Home inContext Abbas Questions Hamas’s Unity Deal

Abbas Questions Hamas’s Unity Deal

Michael Johnson

Palestinian President Mahmoud Abbas chastised Hamas over the weekend, saying the terrorist organization refuses to let the PA operate in Gaza. Abbas also threatened to end the unity government, to which both sides agreed in April.

On Saturday, the Palestinian news agency WAFA reported that the Palestinian President criticized Hamas’s “shadow government that consists of 27 deputy ministers” who run Gaza, saying they “rendered helpless” a unified Palestinian front. Before speaking at an Arab League meeting of Foreign Ministers, he also accused the militant group of committing more than 30 extra-judicial executions in August during the war with Israel.

Abbas at a meeting of the Arab League. (Photo: Reuters)

“Abbas’ statements against Hamas…are unjustified,” retorted Hamas spokesman Sami Abu Zuhri in a statement. Gaza’s rulers would meet “soon” with their Fatah counterparts to recommit to a single government across the Palestinian Territories said Zuhri.

Hamas and Fatah worked together at ceasefire talks in Cairo during Operation Protective Edge, which led to an open-ended ceasefire with Israel on August 26th. But with the end of the fighting, long running divisions between the two competing factions emerged.

Most notably, the argument over how to pay Hamas civil servants in Gaza remains unresolved. Since forming the unity government, Hamas has demanded that the PA pay 45,000 employees, 27,000 of whom are civil servants, who work for the government in Gaza. However, the PA has balked at the idea, worrying that paying rival Hamas officials could jeopardize millions of dollars in aid given to given to Ramallah each year. Large Western donors, including European governments, who contribute a sizable portion of the PA’s budget, consider Hamas a terrorist organization.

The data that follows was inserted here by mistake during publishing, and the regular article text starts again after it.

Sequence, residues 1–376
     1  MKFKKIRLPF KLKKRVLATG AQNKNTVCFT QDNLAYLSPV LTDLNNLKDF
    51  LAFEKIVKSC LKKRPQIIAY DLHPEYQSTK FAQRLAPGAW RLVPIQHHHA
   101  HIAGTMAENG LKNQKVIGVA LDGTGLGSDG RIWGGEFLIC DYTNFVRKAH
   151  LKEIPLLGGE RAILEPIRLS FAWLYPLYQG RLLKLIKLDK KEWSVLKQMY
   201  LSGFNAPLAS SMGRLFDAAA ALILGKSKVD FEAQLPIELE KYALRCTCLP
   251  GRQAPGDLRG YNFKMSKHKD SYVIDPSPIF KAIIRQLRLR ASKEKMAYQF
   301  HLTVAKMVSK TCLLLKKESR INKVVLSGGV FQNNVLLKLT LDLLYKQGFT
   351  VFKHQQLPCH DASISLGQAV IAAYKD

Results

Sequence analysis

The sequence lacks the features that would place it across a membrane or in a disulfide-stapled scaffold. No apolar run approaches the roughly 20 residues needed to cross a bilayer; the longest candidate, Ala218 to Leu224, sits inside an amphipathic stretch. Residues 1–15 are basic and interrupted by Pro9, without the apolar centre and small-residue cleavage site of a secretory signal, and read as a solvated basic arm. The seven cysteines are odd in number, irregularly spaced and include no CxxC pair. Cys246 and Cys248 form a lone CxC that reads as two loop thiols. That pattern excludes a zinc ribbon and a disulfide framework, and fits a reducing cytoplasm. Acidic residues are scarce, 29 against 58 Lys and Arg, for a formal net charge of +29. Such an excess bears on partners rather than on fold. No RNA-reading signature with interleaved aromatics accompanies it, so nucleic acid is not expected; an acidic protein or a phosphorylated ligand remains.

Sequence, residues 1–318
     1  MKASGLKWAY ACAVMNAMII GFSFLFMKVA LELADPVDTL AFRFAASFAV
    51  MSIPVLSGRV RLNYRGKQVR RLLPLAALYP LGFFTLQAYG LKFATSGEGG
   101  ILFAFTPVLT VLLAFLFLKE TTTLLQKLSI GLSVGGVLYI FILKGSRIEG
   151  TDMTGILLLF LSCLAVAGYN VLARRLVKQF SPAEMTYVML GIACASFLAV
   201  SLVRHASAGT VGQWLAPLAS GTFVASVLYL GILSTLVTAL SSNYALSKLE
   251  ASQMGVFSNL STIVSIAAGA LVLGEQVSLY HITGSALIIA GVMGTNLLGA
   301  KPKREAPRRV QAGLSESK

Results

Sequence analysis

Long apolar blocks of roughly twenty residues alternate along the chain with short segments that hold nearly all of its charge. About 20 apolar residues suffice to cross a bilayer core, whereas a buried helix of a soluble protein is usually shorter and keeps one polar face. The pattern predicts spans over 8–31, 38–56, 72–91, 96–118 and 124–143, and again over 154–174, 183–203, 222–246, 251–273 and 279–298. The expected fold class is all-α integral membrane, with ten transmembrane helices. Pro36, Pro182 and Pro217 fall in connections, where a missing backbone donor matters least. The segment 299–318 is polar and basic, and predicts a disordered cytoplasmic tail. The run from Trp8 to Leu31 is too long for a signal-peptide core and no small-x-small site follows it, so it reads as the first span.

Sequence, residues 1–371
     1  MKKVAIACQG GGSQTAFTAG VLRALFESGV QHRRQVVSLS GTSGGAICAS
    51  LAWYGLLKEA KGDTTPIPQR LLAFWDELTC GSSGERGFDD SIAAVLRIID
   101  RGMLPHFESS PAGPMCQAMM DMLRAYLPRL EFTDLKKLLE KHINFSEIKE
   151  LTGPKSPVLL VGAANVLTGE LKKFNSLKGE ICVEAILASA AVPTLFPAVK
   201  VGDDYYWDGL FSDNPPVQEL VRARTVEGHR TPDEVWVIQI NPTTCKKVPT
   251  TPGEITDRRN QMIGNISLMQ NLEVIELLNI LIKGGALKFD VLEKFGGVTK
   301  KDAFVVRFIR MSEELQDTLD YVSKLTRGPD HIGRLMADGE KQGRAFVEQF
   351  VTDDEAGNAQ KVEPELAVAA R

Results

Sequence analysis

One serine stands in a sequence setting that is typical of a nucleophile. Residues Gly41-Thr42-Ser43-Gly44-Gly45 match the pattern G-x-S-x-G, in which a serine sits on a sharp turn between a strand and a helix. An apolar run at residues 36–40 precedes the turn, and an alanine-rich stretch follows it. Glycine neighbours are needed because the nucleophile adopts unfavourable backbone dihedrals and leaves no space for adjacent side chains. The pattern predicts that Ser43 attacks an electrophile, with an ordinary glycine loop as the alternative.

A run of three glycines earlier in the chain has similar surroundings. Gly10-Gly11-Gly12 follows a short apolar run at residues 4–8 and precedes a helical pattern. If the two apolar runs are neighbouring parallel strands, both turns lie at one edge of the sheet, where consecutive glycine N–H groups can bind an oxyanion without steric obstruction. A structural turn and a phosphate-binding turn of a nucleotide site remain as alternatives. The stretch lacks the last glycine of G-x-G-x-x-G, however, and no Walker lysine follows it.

Ultimately, Abbas seeks to improve his standing with the international community, particularly with the Arab world. During the war between Israel and Hamas, he criticized what he saw as Israeli heavy handedness. However, his refusal to endorse Hamas’s brutal tactics now make him the preferred interlocutor between the Palestinians and Israel, the U.S., and EU.